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The Labor Market in Economics

The Labor Market in Economics
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  • 0:02 Intro to Labor Markets
  • 2:30 Supply and Demand in…
  • 4:12 Market Forces and the…
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Lesson Transcript
Instructor: Kevin Newton

Kevin has edited encyclopedias, taught middle and high school history, and has a master's degree in Islamic law.

Every wonder why a CEO with a bachelor's degree makes more than a teacher with a master's degree? As this lesson explains, labor is just like any other good in an economic world and is subject to supply and demand.

Scarcity in Labor

The roles of producer and consumer are flipped when it comes to resource markets, and labor is no exception. In order to provide whatever goods or services that a firm makes, it requires input materials, and one of those input materials is labor. After all, even the most automated factories in the world need someone to press a button every once in a while. And what about the people who design the robots for those automated factories? Surely, their jobs are safe and, probably, in pretty high demand.

Economists classify any sort of job, whether it's physical labor, sitting at a desk, or operating a vehicle, as labor and, just like any other good or service, it is subject to the same rules of supply and demand. In fact, wages and salary are nothing more than the price paid for the work done. In fact, it may not surprise you to learn that there are labor markets, which refers to when labor is exchanged for wages, just as if it were any other commodity.

To better understand how labor markets work, we'll look at two very different labor markets during this lesson: the labor market for teachers and the labor market for CEOs.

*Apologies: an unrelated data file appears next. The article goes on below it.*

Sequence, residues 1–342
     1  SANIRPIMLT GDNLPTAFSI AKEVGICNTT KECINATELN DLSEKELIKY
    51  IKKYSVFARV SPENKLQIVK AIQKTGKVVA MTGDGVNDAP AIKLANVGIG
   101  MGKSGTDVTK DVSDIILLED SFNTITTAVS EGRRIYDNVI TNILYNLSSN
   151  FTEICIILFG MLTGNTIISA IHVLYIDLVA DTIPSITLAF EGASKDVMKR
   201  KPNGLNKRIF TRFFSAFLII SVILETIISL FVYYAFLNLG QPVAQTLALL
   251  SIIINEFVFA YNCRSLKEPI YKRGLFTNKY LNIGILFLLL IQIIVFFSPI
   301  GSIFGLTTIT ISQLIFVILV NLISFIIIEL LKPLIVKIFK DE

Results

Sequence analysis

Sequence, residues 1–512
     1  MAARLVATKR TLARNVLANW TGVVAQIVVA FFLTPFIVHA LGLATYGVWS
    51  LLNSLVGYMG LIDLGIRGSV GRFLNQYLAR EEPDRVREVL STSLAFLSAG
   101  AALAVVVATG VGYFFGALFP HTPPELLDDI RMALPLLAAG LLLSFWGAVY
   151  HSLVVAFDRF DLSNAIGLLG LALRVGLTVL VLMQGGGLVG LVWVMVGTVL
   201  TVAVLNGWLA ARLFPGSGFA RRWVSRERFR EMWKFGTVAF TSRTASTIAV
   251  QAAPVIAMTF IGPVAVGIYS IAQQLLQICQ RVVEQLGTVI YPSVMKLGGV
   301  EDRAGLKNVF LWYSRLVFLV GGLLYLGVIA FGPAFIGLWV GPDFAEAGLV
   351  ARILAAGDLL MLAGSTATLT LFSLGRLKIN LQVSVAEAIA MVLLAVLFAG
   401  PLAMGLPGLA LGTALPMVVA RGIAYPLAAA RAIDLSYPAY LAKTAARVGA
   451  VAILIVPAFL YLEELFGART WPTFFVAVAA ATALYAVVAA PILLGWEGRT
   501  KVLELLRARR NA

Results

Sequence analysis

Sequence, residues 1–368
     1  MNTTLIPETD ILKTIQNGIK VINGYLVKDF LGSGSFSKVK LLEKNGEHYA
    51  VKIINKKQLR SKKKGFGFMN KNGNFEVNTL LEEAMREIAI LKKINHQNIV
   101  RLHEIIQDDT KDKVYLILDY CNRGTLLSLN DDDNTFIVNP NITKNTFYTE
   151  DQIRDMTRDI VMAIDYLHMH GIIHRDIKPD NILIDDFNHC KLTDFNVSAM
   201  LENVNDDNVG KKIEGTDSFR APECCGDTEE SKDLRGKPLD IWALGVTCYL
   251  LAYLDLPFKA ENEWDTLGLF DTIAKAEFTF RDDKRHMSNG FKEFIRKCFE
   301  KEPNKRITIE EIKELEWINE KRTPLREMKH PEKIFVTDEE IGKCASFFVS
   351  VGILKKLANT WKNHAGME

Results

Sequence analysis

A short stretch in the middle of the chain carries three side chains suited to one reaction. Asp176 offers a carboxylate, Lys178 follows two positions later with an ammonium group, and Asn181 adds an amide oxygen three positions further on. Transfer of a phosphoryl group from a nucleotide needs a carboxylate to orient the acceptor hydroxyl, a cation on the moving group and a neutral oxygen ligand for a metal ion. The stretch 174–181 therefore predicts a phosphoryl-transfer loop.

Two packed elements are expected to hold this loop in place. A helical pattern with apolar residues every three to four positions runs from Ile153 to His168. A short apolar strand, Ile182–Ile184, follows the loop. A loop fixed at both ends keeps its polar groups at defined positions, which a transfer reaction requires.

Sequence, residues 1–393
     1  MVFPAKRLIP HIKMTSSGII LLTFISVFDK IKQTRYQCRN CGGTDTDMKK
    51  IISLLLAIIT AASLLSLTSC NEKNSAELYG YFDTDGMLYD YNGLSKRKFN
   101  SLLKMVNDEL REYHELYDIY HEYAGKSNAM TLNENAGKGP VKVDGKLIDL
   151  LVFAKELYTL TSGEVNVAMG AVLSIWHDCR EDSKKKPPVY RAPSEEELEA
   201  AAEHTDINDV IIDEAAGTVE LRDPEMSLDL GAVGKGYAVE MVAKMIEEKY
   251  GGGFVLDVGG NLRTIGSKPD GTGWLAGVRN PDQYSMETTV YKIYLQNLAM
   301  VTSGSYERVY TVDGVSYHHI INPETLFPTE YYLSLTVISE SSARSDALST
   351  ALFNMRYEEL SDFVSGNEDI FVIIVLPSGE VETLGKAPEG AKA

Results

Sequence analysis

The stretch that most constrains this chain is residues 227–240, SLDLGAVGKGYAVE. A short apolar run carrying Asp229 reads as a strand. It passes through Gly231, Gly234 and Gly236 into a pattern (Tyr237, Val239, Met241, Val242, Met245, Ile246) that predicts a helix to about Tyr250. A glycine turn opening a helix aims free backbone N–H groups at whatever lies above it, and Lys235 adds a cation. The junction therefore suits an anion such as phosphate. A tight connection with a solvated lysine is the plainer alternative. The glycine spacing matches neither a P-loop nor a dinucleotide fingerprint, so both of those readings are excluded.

Why CEOs Make More than Teachers

Speaking of salaries, perhaps no two groups get more attention paid to their salaries than CEOs and teachers, and often for two very different reasons. Some CEOs make hundreds of times the amount of money in their salary as their employees do. And that's without cushy perks like stock options, company jets, and the ability to work from just about anywhere. Meanwhile, the median pay for a first-year teacher in some parts of the country was as low as around $36,000 in 2015, with only a tiny percentage of teachers ever making more than $100,000 a year. While some people may argue that teachers get summers off, the actual reality is that teachers often work 60 hours a week during the school year, meaning they end up working almost 160 hours more per year than most 40-hour-per-week people. Almost every few weeks you can find an article in the news decrying that teachers make so little, while even more frequently you can find someone saying that CEOs make too much. So, what gives?

In short, it's classic supply and demand. The supply of people qualified to work as teachers is massive; literally, millions of them exist. It is an extremely well-supplied labor market. Therefore, consumers, in this case, schools, can afford to pay a much lower price for their work. Also, as you're prone to hear when talking to a teacher, they don't do their work for the money. Jaded as it sounds, don't think for a second that schools forget that their labor is overwhelmingly passionate about their work.

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